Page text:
Originally published in Inter Press Service
More and more, China seems to be taking up any commodity that can be had from Ghana. From copper waste and scrap, timber and natural rubber to aluminium waste and scrap and vegetable products are being exported to the upcoming Asian superpower.
Cocoa is the latest addition to the list. Ghana is to export 6,500 metric tonnes to China this year, says Isaac Osei, chief executive of the Ghana Cocoa Board (COCOBOD).
This uptake of cocoa is meant to pay for the construction of the ongoing hydro-power project at Bui, north-east of the capital Accra. Government sources indicated last year that an arrangement had been entered into where cocoa production would be increased to supply extra cocoa to China.
Trade between the two countries has blossomed over the years, with China benefitting most.
By 2000, exports to China totalled only 25 million dollars with imports of 93 million dollars. Exports grew to 32 million dollars in 2003 with imports of 180 million dollars. In 2006, the figure went up to 39 million dollars for exports while imports surged to 504 million dollars.
Despite the Bui project, some Ghanaians are concerned that China is benefiting from trade liberalisation by African countries while the same is not true the other way round. Virtually every African country has opened its doors wide to cheap Chinese imports.
Osei pointed out in April this year at the United Nations Conference on Trade and Development (UNCTAD) meeting in Accra that Ghana’s efforts to promote cocoa trade with emerging industrial giants such as China and India were being undermined by trade tariffs applied to developing producers.
Osei said developing countries such as Ghana and Cote d’Ivoire faced higher tariffs on cocoa imports to China and India than less-developed producers such as Benin, Guinea, Haiti, Togo or Uganda. “For us, it discourages investment in the cocoa sector here.”
There is disquiet within the cocoa industry because of the way consuming nations have continued to create distortions in the pricing of the commodity. Speaking on the same platform as Osei, finance minister Kwadwo Baah-Wiredu said there was an imbalance in the cocoa pricing system and urged cocoa-producing states to join forces.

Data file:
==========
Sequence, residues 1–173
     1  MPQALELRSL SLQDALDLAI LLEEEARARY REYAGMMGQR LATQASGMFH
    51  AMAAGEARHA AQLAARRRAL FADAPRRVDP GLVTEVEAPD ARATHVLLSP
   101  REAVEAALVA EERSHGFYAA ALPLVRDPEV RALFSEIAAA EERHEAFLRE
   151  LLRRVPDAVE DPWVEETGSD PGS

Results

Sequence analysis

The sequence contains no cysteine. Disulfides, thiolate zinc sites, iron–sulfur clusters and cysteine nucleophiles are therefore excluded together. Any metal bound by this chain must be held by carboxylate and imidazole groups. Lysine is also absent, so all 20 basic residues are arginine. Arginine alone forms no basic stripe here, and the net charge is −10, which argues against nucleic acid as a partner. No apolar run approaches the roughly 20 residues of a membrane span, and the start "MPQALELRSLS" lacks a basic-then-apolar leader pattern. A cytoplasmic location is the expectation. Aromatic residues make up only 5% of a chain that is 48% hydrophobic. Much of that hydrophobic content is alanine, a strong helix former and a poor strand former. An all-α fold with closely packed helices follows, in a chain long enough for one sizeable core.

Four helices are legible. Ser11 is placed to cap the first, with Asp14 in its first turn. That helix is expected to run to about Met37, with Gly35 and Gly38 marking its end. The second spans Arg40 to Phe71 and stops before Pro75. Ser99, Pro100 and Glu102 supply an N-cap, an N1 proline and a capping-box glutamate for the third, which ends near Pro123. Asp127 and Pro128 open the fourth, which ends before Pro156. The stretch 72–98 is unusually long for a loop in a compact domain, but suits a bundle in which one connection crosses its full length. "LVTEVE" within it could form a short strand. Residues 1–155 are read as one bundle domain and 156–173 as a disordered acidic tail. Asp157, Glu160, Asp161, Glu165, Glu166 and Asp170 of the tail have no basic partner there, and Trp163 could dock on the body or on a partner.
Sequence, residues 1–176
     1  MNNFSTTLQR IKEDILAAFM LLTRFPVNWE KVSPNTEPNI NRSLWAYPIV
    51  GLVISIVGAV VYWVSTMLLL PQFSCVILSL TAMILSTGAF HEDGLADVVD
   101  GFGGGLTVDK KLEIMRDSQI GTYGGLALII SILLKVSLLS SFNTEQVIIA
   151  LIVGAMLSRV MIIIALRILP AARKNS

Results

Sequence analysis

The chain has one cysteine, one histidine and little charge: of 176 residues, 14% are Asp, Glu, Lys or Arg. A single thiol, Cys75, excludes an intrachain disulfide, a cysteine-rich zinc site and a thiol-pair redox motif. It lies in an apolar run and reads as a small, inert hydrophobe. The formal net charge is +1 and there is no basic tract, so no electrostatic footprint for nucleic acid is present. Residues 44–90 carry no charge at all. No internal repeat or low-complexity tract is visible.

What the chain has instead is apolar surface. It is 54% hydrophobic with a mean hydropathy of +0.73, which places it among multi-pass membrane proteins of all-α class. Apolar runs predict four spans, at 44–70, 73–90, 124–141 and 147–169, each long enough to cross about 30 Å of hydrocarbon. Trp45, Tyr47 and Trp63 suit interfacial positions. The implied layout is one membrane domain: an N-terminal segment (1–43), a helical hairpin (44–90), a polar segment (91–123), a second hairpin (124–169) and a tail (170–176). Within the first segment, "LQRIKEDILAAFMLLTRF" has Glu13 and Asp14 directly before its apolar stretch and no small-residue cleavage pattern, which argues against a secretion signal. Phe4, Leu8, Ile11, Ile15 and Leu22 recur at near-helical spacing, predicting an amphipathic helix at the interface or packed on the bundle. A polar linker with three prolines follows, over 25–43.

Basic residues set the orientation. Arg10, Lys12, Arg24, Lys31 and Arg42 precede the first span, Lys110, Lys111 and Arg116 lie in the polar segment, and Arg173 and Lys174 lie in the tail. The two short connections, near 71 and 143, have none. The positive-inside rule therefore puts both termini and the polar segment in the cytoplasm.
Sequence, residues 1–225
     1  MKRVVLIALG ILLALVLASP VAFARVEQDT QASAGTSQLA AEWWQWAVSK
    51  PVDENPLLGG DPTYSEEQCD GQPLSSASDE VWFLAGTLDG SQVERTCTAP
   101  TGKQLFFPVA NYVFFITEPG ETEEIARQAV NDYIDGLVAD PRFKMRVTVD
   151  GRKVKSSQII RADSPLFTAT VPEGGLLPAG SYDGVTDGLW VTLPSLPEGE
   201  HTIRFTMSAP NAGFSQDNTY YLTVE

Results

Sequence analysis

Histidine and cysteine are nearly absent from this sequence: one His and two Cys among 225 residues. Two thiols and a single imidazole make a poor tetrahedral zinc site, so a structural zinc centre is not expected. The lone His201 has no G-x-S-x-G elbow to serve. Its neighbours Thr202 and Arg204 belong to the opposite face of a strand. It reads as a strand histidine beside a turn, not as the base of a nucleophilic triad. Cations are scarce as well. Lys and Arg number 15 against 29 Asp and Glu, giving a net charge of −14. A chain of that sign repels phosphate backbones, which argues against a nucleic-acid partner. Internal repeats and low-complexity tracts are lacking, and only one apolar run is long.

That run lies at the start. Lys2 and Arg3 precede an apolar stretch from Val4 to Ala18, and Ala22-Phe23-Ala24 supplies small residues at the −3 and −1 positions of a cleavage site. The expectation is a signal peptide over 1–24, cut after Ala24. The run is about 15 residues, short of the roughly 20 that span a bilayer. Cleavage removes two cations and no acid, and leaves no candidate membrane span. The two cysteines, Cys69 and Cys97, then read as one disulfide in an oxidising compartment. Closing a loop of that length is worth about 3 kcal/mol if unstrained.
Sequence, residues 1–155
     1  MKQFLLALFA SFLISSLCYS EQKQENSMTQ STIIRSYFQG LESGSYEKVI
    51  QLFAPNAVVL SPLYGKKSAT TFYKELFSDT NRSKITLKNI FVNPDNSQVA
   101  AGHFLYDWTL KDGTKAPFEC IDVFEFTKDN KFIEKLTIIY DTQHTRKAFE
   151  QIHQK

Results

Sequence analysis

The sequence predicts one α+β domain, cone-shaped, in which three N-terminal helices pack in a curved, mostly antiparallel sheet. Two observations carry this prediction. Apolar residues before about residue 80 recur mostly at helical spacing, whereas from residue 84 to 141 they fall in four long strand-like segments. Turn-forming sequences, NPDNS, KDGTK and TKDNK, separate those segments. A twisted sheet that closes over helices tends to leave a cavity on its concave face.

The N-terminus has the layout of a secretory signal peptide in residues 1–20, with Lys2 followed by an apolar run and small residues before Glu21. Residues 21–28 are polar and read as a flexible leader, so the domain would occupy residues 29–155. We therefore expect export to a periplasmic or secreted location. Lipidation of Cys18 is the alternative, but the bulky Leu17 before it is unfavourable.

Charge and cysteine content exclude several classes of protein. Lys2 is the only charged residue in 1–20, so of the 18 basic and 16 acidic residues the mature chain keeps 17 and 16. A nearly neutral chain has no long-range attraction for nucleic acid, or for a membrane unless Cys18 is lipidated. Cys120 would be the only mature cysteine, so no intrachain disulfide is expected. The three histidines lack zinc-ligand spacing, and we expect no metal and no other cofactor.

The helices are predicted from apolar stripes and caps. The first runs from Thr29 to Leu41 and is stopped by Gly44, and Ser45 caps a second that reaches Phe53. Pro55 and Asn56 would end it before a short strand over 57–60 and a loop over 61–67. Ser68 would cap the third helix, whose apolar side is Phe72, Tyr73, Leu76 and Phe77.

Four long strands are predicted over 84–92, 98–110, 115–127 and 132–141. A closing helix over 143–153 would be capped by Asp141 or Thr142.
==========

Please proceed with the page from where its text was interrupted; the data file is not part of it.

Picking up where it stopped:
“The current cocoa-chocolate value chain is characterised by an imbalance where the manufacturing and processing end is well positioned at the high value end, compared to the cocoa producers who receive a low share of the final price,” he said. With China’s heightened visibility through cheap goods, some Ghanaians are particularly unhappy about the Asian state’s approach to Ghana.
Alfred Neimann, a commodity analyst at BMT Associates in London told IPS this development “is really surprising since China and India have maintained profiles as leading the development cause of the developing world.
“China needs to open up more and be flexible, especially when she is dealing with countries in the South. That is the only way that China can show that it is on the side of development,” he added.
Neimann said it is unfair that China — having taken advantage of the free trade environment to flood poorer countries, especially Africa, with cheap imports which may not necessarily be of high quality — turns round to prevent the flow of goods into its territory.
Gabriel Orji, an official working in the Nigerian ministry of trade, said that “there is no friendship when it comes to trade. What is happening between China and African states now is an evolving relationship that has to be properly defined and nurtured.
“Africa cannot move away from one predator only to get herself into the claws of another,” Orji said. The governments of African states should use their encounters with their Chinese counterparts to get them to see things from the African perspective, he added.
Getting proper rules in place is important for Ghana. The country is on course to meeting a national target of one million tonnes of cocoa a year by 2010. Consequently, it is keen to find more markets for its produce, apart from other attempts to add value to products locally.
China is a potential market and, with improved trade relations, Ghana is likely to sell more cocoa since local processing facilities are not strong on the ground yet.
An alternative is to find other ready markets. Already there have been diplomatic moves to export cocoa to Cuba but this will take time. Thus there is the need to find ways to create favourable trade environments devoid of hindrances.
Employing about a million people in the six cocoa growing districts throughout the country, the cocoa industry is a major contributor to government revenue. It earned about 1.2 billion dollars last year.